By Stan Friedman
CHICAGO, IL (August 30, 2012) – Ever since the Association of Covenant Camps and Conference Centers started taking mission offerings for camps around the world 20 years ago, attendees have been eager to give. This year, the offerings from the multi-year projects topped a total of $1 million.
“Translated into Atomic Fireballs (candy), this represents 10,554,088 fireballs, which if laid side by side would stretch over 166.5 miles,” said Bruce Lawson, manager of camping and special projects for the Department of Christian Formation.
Lawson noted that the very first offering paid to bring electricity to a camp in Ecuador in 1993. The offering for this year’s project will help to remodel and add facilities at that camp.
The camping association works with the Department of World Mission to select a project each year. World Mission develops supporting resources to help campers learn about the needs there and how their gifts will help.
The project has supported camping in Ecuador, Congo, Alaska, Mountain Mission in Virginia, Japan, Russia, South Sudan, Chile, Thailand, Mexico, South Africa, and Colombia, Lawson said.
It has also prompted the Covenant camps to organize mission trips to Mexico, Chile, Ecuador, and Thailand.
For 12 years, 10 percent was given to Global Outreach, an arm of the Christian Camp and Conference Association, to support leader development for camping in Russia.
Missionary Leonid Regheta said the offerings have enabled Christian camping ministries to start sites in Russia. This year, camps in the Southern Ural Region of Russia ministered to more 620 teenagers, youth, and children.
“Camps took place in Nizhniy Tagil, Marinka, Zarechnyi, Polevskoi, Pervouralsk, Bogdanovich, Asbest, Perm, and others were scheduled,” he wrote on his Facebook site.
David Cairns, executive director of Pilgrim Pines Conference Center in West Swanzey, New Hampshire, has traveled to Russia three times in recent years to help train and exchange ideas with leaders there. He met with 70 leaders in May.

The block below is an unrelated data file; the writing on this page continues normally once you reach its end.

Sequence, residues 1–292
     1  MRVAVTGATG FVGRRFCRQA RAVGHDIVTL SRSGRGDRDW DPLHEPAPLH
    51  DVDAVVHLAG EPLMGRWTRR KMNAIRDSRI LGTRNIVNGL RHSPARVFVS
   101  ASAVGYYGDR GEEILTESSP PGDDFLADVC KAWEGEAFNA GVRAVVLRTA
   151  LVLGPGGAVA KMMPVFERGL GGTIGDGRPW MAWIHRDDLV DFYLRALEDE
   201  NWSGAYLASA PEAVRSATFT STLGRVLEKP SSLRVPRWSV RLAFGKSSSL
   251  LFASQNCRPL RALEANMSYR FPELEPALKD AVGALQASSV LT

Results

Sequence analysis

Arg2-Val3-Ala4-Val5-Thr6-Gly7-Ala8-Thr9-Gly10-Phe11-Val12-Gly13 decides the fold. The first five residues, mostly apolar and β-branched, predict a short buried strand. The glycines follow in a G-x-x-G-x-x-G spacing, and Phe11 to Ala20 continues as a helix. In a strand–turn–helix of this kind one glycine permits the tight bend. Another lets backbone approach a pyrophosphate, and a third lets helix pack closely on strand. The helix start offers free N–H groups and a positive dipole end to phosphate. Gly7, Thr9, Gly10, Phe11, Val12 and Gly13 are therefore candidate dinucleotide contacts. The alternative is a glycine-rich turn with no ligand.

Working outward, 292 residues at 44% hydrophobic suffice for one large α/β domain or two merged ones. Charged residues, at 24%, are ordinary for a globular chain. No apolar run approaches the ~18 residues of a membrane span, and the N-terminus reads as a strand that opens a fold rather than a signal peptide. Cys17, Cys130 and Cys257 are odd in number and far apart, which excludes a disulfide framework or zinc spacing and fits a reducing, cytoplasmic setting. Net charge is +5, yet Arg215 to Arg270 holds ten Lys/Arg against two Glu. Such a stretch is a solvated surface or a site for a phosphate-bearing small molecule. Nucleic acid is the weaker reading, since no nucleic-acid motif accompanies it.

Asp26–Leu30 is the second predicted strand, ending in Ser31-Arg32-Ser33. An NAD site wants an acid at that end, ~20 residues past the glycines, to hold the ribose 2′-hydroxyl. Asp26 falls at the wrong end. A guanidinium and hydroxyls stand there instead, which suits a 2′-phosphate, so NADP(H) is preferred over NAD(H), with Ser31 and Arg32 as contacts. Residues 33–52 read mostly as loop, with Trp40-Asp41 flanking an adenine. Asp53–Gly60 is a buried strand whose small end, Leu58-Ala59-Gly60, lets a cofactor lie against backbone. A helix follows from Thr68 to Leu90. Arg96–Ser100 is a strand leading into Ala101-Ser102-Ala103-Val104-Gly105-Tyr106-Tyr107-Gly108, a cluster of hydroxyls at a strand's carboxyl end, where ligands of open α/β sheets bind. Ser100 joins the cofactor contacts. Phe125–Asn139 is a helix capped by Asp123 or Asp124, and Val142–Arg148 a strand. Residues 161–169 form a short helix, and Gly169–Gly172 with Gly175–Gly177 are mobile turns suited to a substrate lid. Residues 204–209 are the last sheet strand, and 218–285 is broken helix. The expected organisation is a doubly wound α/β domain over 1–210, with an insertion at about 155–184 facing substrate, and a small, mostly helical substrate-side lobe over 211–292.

The mission offerings do more than benefit camps around the world, Lawson said. “It is one of the ways that camps encourage Christian leader development. The campers come to camp with money in their pockets or on their canteen cards and they have the power to choose how to spend it without any guidance from parents.
“It is exciting to see campers learn about the project and choose to give their canteen money to help someone else through the mission offering instead of buying candy and pop for themselves.”
Dave Nesburg, executive director of Portage Lake Covenant Bible Camp in Onekama, Michigan, said, “Camp is kind of a farm team for many ministries including mission. Campers are introduced to missions at camp and many follow that by going on mission trips, continuing to support missions, or even considering becoming a missionary.”
People of all ages have been inspired to give. John Gehring, executive director of Alpine Covenant Conference Center in Blue Jay, California, noted that retired missionaries Russ and Pat Camp served as camp grandparents to Alpine’s Indian Village Camp. “They were so impressed that the children were giving to a camp in Ecuador, they took a poster back to Mount Miguel Retirement Community to raise more funds there!”